Weekly Market Performance – Markets Mostly Higher During Thanksgiving Holiday Week
U.S. and International Equities
Markets Finish Mostly Higher
The S&P 500 Index finished higher during the shortened trading week, led by the utilities and materials sectors. In addition, the financials and consumer staples sectors had a positive week and also outperformed the market average. The energy sector lagged all other sectors this week as oil prices (West Texas Intermediate) were down over 4% for the week and over 10% for the rolling one month period. Emerging markets finished the week lower as COVID-19 cases jumped in China, causing the government to continue lockdowns and mass testing.
With the majority of the S&P 500 Index having reported results, Q3 earnings are tracking to a 2.3% year-over-year increase, in line with estimates at quarter end. Revenue growth for the quarter inched higher over the past week to 10.9% and is tracking 2.4 percentage points ahead of September 30 estimates. With reporting season almost over, earnings growth for the quarter will likely end up shy of 3%. The lack of upside is disappointing but easily explained by intense cost pressures, a slowing economy, and strong U.S. dollar.
Fixed Income Higher – as Yields Fall
The Bloomberg Aggregate Bond Index finished the week higher as yields continue to decline on expectations of a less aggressive Federal Reserve, following on from last week’s inflation report and continued Fedspeak. Markets have embraced a downshift in Fed rate hikes, with a fifth consecutive 75 bps hike next month no longer the consensus. In addition, high-yield corporate bonds, as tracked by the Bloomberg High Yield index, gained ground for the week.
October included the most downgraded bond issuers (26) and the fewest number of upgrades (14) since late 2020. October was the also the first month bond upgrades failed to exceed downgrades since December 2020. By industry, healthcare (22) and tech (17) have produced the most downgrades YTD.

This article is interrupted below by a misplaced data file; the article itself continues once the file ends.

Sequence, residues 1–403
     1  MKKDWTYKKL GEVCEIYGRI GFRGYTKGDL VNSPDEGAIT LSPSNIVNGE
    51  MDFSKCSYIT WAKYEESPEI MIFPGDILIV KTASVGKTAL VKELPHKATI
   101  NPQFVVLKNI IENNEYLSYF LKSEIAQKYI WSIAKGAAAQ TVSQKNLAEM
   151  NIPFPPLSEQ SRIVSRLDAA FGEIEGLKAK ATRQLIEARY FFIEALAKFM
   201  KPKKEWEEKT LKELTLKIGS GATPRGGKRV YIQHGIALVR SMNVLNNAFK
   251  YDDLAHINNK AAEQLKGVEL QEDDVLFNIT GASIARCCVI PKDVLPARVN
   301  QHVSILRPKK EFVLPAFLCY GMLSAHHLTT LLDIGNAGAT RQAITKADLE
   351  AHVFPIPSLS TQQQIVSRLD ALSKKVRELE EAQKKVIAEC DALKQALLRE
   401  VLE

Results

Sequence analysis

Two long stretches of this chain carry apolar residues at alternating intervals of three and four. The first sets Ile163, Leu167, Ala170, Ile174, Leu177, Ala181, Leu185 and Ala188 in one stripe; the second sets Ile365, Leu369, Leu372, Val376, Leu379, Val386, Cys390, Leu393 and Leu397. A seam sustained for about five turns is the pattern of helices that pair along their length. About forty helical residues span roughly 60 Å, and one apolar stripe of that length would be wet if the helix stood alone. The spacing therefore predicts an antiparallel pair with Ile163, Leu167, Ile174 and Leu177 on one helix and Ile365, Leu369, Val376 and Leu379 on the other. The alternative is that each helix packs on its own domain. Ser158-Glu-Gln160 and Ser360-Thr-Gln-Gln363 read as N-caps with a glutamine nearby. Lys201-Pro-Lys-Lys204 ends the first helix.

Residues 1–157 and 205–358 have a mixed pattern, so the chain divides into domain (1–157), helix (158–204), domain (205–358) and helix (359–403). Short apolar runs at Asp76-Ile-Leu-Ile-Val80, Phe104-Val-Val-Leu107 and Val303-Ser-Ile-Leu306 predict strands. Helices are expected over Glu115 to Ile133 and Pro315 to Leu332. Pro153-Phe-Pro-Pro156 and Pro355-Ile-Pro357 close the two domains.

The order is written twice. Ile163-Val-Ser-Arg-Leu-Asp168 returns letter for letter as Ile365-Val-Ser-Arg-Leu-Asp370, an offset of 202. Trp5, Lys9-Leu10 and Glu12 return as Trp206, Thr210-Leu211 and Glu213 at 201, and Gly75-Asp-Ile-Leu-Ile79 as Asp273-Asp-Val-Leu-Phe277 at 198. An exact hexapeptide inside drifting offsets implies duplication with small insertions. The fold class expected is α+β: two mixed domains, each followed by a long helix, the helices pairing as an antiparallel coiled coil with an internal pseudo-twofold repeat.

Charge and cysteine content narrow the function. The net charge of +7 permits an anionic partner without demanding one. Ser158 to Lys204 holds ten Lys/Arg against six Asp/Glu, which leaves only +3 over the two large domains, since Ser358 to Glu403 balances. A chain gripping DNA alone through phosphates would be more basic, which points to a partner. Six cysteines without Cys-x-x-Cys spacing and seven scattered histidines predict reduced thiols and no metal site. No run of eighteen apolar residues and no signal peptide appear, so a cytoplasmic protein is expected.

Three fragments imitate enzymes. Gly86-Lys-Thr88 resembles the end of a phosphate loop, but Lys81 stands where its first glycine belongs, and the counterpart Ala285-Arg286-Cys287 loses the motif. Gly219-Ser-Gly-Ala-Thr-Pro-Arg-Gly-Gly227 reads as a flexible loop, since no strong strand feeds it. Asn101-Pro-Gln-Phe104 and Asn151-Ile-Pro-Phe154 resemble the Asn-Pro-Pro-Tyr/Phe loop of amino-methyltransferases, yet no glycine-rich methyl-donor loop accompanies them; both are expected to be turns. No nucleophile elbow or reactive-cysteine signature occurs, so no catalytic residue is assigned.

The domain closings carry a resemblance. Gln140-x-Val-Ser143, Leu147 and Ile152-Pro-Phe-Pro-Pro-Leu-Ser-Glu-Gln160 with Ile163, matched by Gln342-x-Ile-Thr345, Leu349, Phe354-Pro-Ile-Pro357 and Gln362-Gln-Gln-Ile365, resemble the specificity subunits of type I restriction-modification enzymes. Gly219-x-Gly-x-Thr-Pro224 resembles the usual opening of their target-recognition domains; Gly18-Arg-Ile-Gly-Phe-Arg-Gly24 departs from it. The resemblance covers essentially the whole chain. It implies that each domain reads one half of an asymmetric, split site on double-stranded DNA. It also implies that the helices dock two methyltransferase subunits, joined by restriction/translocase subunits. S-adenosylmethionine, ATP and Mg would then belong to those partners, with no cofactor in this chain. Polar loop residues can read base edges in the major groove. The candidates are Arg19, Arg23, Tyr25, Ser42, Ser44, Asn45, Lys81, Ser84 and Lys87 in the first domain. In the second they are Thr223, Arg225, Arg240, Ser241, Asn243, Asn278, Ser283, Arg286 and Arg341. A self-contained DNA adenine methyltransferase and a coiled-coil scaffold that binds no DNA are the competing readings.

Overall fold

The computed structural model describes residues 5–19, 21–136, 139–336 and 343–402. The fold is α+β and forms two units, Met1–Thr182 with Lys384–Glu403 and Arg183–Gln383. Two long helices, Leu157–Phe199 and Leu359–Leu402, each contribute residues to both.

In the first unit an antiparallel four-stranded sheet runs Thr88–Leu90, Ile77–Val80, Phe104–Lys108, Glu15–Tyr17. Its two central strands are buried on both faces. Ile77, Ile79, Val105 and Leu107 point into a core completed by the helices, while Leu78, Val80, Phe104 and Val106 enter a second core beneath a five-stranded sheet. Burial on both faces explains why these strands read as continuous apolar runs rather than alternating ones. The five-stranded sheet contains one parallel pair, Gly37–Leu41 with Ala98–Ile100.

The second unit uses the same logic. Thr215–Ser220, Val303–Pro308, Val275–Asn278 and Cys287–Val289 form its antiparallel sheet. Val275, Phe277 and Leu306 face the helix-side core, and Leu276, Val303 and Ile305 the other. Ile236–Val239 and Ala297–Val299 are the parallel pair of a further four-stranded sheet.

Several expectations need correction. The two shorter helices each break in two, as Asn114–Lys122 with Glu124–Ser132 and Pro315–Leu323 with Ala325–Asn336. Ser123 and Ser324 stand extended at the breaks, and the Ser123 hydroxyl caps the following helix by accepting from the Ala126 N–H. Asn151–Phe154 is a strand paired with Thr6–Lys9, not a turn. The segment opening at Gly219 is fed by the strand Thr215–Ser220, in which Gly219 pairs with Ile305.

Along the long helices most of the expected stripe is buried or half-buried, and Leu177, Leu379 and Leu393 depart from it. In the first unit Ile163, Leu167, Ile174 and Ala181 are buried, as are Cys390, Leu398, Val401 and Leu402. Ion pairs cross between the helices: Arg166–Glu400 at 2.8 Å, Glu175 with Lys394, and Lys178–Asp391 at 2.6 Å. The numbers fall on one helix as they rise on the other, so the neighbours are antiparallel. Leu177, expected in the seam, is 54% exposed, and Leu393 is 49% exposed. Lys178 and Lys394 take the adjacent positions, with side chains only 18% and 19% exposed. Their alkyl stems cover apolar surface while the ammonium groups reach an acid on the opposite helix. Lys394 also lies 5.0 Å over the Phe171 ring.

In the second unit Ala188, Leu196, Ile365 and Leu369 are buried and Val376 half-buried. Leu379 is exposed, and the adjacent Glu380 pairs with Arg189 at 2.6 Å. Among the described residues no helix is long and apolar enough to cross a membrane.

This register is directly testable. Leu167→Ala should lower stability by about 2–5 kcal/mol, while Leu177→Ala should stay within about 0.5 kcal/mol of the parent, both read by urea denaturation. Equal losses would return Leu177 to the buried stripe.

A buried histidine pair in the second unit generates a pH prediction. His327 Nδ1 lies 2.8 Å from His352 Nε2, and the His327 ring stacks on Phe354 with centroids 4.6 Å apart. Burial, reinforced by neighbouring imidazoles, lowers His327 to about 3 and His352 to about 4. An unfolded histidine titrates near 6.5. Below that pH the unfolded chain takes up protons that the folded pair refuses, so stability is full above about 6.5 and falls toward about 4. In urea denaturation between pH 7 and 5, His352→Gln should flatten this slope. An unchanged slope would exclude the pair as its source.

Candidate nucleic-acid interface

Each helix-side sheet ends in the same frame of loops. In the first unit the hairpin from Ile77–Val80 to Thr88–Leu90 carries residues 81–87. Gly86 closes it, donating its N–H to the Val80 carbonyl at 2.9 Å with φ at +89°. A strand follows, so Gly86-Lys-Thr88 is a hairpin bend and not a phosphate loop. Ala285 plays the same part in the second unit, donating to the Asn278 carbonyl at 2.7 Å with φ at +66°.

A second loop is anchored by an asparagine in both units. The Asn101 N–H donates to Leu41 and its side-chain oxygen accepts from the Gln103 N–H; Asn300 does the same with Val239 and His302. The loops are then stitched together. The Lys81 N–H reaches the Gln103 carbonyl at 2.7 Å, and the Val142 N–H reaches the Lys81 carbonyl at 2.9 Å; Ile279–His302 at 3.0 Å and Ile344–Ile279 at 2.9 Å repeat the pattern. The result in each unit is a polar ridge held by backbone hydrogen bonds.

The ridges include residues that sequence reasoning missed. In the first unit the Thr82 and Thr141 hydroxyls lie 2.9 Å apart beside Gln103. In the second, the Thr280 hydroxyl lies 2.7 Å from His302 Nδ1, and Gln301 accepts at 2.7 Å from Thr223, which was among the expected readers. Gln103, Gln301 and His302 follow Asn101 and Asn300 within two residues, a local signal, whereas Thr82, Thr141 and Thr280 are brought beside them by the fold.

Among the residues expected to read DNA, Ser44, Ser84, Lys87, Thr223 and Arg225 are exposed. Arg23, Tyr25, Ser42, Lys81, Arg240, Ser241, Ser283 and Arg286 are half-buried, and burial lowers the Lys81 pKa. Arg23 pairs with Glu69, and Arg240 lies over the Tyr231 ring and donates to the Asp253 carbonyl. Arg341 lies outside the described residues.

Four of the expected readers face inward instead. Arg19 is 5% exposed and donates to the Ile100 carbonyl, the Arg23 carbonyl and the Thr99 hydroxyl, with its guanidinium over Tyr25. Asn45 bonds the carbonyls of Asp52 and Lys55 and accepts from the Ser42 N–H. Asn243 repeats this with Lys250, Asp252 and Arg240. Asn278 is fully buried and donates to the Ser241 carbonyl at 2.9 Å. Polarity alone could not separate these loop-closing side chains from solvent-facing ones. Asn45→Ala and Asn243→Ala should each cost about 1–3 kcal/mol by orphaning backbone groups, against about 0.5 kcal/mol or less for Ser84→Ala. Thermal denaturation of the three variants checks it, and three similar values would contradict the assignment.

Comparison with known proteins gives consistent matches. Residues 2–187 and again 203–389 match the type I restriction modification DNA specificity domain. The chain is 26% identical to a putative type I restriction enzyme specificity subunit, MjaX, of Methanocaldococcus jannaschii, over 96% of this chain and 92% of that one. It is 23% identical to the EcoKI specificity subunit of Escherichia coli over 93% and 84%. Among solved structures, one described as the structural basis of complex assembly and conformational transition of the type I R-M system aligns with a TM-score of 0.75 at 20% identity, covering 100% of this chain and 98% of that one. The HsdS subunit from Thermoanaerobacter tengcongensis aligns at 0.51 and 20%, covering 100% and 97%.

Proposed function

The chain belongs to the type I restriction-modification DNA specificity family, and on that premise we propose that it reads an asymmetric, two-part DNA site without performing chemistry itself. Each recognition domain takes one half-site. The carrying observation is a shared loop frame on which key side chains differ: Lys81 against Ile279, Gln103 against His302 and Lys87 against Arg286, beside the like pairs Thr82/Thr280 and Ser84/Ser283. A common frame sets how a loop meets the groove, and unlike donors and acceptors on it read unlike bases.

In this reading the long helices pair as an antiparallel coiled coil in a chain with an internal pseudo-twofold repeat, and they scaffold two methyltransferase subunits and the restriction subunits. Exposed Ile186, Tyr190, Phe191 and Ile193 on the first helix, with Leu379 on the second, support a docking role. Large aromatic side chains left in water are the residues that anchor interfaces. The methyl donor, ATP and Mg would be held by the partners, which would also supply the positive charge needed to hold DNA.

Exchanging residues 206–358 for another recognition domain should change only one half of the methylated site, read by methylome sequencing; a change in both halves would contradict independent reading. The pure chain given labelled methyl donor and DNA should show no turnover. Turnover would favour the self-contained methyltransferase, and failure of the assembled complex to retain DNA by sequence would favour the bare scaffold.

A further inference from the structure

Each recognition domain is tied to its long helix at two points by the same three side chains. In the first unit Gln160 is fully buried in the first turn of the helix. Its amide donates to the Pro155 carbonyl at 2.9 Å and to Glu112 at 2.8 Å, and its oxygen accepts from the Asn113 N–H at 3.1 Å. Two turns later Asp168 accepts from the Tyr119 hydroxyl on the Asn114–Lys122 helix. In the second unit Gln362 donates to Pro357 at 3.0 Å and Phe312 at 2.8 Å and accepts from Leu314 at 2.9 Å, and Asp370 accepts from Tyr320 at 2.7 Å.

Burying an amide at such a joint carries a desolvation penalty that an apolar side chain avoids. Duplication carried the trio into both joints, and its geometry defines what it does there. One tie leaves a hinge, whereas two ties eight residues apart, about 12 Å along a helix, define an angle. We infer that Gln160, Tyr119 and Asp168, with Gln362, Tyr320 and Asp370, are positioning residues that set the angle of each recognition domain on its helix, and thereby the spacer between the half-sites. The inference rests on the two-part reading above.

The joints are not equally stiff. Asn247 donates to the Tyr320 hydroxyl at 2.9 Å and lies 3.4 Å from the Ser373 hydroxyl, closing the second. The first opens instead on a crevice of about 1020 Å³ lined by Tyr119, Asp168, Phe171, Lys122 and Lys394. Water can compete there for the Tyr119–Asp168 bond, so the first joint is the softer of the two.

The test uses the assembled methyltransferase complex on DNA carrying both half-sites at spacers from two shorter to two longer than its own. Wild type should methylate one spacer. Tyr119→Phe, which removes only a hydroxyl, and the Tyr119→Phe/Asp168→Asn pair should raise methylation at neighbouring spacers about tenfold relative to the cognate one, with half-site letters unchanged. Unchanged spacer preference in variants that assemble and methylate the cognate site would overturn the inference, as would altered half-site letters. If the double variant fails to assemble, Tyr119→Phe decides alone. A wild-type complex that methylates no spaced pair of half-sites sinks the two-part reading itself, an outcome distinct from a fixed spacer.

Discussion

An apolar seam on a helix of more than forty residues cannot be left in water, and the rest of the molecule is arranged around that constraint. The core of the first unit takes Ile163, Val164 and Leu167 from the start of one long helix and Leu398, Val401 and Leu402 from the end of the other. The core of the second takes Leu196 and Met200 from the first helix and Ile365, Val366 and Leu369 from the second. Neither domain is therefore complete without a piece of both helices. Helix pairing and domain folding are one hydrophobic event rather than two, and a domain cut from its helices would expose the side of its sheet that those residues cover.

According to the Commodity Futures Trading Commission (CFTC), which tracks Treasury positioning, speculative positioning for Treasury securities remains at the most net short since 2008. Any sustained rally in Treasury securities could cause these positions to reverse, which would likely provide a tailwind to Treasury prices.
Oil and natural gas prices finished the week mixed for the second consecutive week. We expect natural gas prices to see increased volatility for the rest of 2022 and into 2023 over concerns about reduced supplies given the Eastern European crisis, in addition to increased European and North American seasonal demand as we head into the winter months. Gold and silver both finished higher, whereas copper finished the week lower.
Economic Weekly Roundup
This week, San Francisco Fed President Mary Daly highlighted that the economy has not likely felt the full effects of this year’s rate hikes. The macroeconomic environment will likely call for a 0.50% increase in fed funds rate at the Fed’s next meeting, as inflation is cooling and the Fed can legitimately downshift its rate hikes to something other than 0.75% increments.
Federal Reserve officials expect to switch to smaller interest rate increases “soon,” according to minutes from the November meeting released this Wednesday. Some Federal Reserve officials expressed concern over the impact this year’s rate increases may have on financial stability as well as the economic landscape.
Weekly Employment Report
Continuing and initial claims for unemployment insurance for the latest week came in above economists’ expectations. Labor market conditions remain tight even though there are some signs of slowing job growth, increasing layoffs, and higher unemployment.
The following economic data and potentially market-moving events are slated for the week ahead:
Tuesday: BEA Total Light Vehicle Sales (Oct), FHFA Home Price Index (Sep), Consumer Confidence (Nov), S&P Case-Shiller Home Price Index (Sep)
Wednesday: ADP Employment Survey (Nov), Q3 GDP, wholesale inventories, JOLTS Job Openings (Oct), pending home sales (Oct), Federal Reserve Beige Book
Thursday: Weekly initial and continuing unemployment claims, personal consumption expenditures (Oct), PCE deflator (Oct), Core PCE deflator (Oct), ISM Manufacturing (Nov), construction spending (Oct), S&P Global PMI Manufacturing (Nov), personal income (Oct)
Friday: Hourly earnings (Nov), average workweek (Nov), manufacturing payrolls (Nov), nonfarm payrolls (Nov), private nonfarm payrolls (Nov), unemployment report (Nov)
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